Anti-vacuum valves on Pavoni and Gaggia factory levers

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homeburrero
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#1: Post by homeburrero »

There has been a little confusion in discussions as to whether or not the boiler cap on the Pavoni Romantica and the Gaggia factory have an anti-vacuum function.

Turns out that some do and some don't. HB member hankbates clearly showed that his 1999 Romantica has no anti-vacuum in the cap (see: La Pavoni lever history--age of used machines)

However, my cap (which may be a non-stock replacement) and other caps pictured in posts (see Any help diagnosing my faulty La Pavoni?) look the same, but have an anti-vacuum function built into the sealing part. Here's a picture of mine taken apart -


Note the bottom right piece is not a simple rubber seal. To tell which kind you have you don't need to take it apart. Just look at it from the inside, and if you see plain red rubber, you have no anti-vacuum, but if you see a brass button then you do. The replacement caps (appx $45 US) that I've seen online all look like they have anti-vacuum.

A cautionary note - these things are adjustable with a 4mm hex key. If you want to take it out be sure to carefully caliper its depth before you unscrew it so you can get it back to the same over-pressure setting where it was originally.

If you have a standard Europiccola or Pro, you most likely do not have an ant-vacuum valve. But there is one available and which I believe comes stock on the Stradivari. It is Valv. di sicurezza con antivuoto - part #396754 in the Pavoni parts list, is item 19 in the pic below.
Pat
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rpavlis

#2: Post by rpavlis »

It would also be possible, I think, to make a tiny version of the combination vacuum relief and air bleeding system as used in pressure cookers to put in the steam release valve like this. It would probably also require making a different nut that holds the original spring and ball or spring and teflon mushroom in place because this would be thicker than the ball or teflon mushroom. (While one was doing that, one would probably also put a stainless steel set screw in the new nut to permit adjusting the release pressure!)

The things in pressure cookers are closed by the high volume of steam that begins to be released when the water beneath truly begins to boil. They typically use only gravity to open and close.

Another thought is to put such a thing into a lathe made brass cap, or to put one of the valves from a single pipe steam radiator on a such a brass cap. One could also put such a thing onto the top of the sight glass.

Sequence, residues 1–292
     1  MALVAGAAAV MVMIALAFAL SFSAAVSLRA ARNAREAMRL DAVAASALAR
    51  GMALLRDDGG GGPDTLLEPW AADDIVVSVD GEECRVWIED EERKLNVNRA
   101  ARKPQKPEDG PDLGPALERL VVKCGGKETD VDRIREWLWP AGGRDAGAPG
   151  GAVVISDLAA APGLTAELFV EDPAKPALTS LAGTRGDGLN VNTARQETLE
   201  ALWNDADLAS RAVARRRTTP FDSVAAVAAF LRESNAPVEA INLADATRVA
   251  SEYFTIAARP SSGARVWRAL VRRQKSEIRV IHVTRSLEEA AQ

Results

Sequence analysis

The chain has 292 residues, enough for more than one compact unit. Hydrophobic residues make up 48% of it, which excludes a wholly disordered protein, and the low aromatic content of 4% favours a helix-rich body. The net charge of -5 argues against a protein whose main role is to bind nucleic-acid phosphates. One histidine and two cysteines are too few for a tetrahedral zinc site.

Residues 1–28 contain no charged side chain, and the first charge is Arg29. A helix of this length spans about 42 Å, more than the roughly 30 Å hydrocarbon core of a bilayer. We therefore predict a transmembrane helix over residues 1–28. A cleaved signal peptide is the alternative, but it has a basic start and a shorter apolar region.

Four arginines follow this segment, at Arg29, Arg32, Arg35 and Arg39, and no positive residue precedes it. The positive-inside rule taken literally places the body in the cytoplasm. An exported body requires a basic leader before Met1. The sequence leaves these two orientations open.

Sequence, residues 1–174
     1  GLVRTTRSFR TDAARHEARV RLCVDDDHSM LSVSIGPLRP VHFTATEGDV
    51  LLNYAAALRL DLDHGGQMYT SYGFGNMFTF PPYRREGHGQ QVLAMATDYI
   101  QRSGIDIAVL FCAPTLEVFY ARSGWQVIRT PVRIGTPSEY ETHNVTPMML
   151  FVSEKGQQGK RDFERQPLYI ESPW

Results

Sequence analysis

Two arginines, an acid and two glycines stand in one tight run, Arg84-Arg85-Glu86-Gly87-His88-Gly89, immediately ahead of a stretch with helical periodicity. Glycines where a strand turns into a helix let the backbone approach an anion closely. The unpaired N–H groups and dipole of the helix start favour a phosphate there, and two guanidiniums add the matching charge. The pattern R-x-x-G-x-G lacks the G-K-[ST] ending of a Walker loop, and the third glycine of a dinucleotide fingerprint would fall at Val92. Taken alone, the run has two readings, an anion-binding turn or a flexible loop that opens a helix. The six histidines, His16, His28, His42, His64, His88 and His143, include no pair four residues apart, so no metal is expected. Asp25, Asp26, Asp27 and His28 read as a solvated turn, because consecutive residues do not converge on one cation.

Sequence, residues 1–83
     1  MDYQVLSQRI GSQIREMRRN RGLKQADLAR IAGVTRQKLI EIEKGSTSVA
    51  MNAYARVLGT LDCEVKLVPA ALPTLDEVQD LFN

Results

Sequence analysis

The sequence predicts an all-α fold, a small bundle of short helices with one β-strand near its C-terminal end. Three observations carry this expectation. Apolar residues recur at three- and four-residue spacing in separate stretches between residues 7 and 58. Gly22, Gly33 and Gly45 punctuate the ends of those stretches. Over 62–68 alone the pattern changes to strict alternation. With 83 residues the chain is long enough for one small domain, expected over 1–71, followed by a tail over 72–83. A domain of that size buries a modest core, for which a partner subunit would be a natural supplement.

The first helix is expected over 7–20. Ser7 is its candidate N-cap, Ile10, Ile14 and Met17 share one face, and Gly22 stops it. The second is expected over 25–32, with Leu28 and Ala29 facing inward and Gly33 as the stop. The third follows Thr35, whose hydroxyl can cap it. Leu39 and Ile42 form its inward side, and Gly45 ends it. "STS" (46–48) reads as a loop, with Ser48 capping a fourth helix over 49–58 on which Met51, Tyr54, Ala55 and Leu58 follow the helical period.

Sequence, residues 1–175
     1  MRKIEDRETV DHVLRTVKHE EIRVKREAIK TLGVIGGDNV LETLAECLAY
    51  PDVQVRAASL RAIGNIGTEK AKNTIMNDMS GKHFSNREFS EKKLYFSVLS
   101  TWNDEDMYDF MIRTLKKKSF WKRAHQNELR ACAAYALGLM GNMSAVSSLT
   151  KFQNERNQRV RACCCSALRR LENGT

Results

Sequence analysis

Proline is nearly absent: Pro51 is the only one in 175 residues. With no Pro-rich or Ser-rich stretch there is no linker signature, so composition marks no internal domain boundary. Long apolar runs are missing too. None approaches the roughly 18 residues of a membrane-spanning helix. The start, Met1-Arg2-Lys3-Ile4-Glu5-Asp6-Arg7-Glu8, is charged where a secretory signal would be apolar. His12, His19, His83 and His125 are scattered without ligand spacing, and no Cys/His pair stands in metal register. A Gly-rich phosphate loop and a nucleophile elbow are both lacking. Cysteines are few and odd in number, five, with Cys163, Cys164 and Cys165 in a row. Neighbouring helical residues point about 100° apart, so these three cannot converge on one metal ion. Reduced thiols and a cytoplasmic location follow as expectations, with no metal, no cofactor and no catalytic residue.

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homeburrero (original poster)
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#3: Post by homeburrero (original poster) »

Now I guess the question is whether you really need anti-vacuum on these things. I suppose that if you turn the machine off and walk away enjoying your coffee without emptying and cleaning the PF it could be an issue. Your boiler vacuum would raise the lever and pull gunk up from the spent puck into your brew chamber. I always always clean my PF and screen after a shot. But sometimes I forget. :oops:
Pat
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rpavlis

#4: Post by rpavlis »

Yes, one should always immediately remove and wash the portafilter whilst it is still hot anyway!

Another thing one can do is put a really heavy brass handle on the machine. I did this for a while, but after I had ebony portafilter handle, ebony steam knob, and ebony boiler cap I put an ebony one on the group handle too. One problem with auto bleed would be that it would not bleed the upper part of the group, and this is very important too.

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homeburrero (original poster)
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#5: Post by homeburrero (original poster) »

rpavlis wrote:One problem with auto bleed would be that it would not bleed the upper part of the group, and this is very important too.
Good point, hadn't thought of that. On a pre-M it would, because the top of the group cylinder is vented back to the top of the boiler. But on Millennium groups you have that siphon tube insert